The Lloyd Hall Scholars Program, a living-learning community for art and writing in Lloyd Residence Hall, offers a lot of perks for its freshmen.
Lloyd scholars get reduced prices for University performances, access to small creative writing classes that fulfill the often-painful first-year writing requirement and an absolute guarantee they won’t have to live on North Campus.
For many participants, that last benefit is the most appealing.
“You can live on the Hill and it keeps you off North Campus and that’s the only reason why people apply to the program,” LSA freshman Scott Schubiner said. “It’s just a good way to stay on Central Campus.”
It’s not exactly a coincidence that Lloyd Hall has the nickname “Lloyd Island.” The program’s participants — many of whom hail from the same few places like Long Island — often get turned on to the program by older high school friends or siblings.
“There are five kids from L.A. that are in my hall, everyone else is from New York or New Jersey,” said Schubiner, who comes from Los Angeles himself. “They used to call (Alice Lloyd) ‘Lloyd Island’ cause there’s a lot of kids from Long Island.”
There are other notable trends about the Lloyd population. While the amount of University students who join the Greek system is about 30 percent — Greeks have been between 30 and 50 percent of the LHSP population in recent years, LHSP faculty director Carol Tell said.
She said Greeks made up somewhere between 70 and 80 percent in 2001.
Schubiner applied to the program after hearing about it from his sister, who was part of a living-learning community in Couzens Hall three years ago.
He said his sister urged him to apply to increase his chances of living in one of the better residence halls at the University, with large rooms and a close proximity to Central Campus.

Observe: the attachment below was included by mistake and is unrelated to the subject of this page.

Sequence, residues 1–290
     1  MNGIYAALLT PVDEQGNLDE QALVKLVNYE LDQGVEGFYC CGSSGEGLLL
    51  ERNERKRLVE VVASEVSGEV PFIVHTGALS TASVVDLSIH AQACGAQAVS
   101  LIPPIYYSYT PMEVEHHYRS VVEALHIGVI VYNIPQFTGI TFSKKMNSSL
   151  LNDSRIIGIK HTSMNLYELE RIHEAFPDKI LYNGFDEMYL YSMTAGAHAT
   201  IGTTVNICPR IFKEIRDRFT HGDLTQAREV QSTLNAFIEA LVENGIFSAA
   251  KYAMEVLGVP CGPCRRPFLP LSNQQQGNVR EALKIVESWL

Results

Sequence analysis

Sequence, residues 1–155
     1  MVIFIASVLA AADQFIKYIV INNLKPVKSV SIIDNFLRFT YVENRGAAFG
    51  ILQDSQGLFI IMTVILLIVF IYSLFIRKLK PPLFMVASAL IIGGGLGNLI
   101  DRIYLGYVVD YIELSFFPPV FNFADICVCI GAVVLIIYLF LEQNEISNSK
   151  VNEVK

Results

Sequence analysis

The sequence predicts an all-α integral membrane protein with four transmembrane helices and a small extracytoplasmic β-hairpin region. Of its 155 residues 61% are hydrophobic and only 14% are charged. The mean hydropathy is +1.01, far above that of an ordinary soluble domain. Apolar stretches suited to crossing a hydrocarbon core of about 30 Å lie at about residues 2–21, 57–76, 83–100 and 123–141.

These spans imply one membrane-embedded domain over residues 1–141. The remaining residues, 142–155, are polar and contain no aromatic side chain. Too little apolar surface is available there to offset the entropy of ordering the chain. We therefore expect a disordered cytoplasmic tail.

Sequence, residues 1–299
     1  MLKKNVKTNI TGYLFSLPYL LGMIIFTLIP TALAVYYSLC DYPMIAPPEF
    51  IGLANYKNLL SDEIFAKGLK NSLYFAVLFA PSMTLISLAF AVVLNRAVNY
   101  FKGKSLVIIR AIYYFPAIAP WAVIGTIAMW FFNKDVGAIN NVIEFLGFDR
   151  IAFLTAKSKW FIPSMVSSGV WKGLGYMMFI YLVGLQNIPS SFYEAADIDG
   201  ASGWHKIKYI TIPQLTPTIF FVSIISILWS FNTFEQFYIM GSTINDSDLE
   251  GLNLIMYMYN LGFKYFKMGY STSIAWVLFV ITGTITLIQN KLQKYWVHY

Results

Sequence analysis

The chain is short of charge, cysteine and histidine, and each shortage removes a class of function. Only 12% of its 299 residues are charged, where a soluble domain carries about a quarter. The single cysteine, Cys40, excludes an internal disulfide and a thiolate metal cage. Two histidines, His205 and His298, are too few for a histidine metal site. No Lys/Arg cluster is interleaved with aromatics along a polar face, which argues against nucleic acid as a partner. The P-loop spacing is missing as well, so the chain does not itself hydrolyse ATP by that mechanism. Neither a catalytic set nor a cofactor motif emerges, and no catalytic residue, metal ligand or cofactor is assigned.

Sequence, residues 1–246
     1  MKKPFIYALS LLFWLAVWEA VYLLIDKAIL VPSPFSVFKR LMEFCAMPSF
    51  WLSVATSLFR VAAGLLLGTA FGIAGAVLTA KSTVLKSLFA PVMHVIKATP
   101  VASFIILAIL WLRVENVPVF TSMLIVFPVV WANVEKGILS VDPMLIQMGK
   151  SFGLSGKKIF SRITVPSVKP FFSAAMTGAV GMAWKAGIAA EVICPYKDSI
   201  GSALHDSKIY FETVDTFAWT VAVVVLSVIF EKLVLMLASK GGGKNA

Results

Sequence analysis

And he’s not alone. Many of the students now participating in the program said their intent in joining was to steer clear of a 10-minute bus rides to class and the risk of being socially isolated on North.
Joanna Joels, an LSA freshman from New Jersey, said she applied to the program because it was the only place at the University where she could enroll in a nude drawing class. But even then, her initial inten¬¬tions were to stay off of North Campus.
“Lloyd is a good location,” she said. “That’s actually why I first looked into the program. Someone told me you can get into Lloyd and live on the Hill.”
LSA freshman Nick Pourmoradi, a resident of Los Angeles, cited the standard reasoning for applying to the program.
“A friend told me about it, she’s like, ‘you don’t want to live on North Campus,’” he said.
Kinesiology freshman Brad Malach, from West Bloomfield, said he wouldn’t have even considered applying to LHSP if it was housed on North Campus.
But even though almost every person he knows in LHSP applied because of the location, he said it isn’t the only reason people apply.
“I’m sure there are people who did it for the program more than the location,” Malach said. “But I think, for the most part, it’s for the location.”
There are those students who would join LHSP whether it was housed in Lloyd, South Quad or even Baits II, but they seem to be few and far between.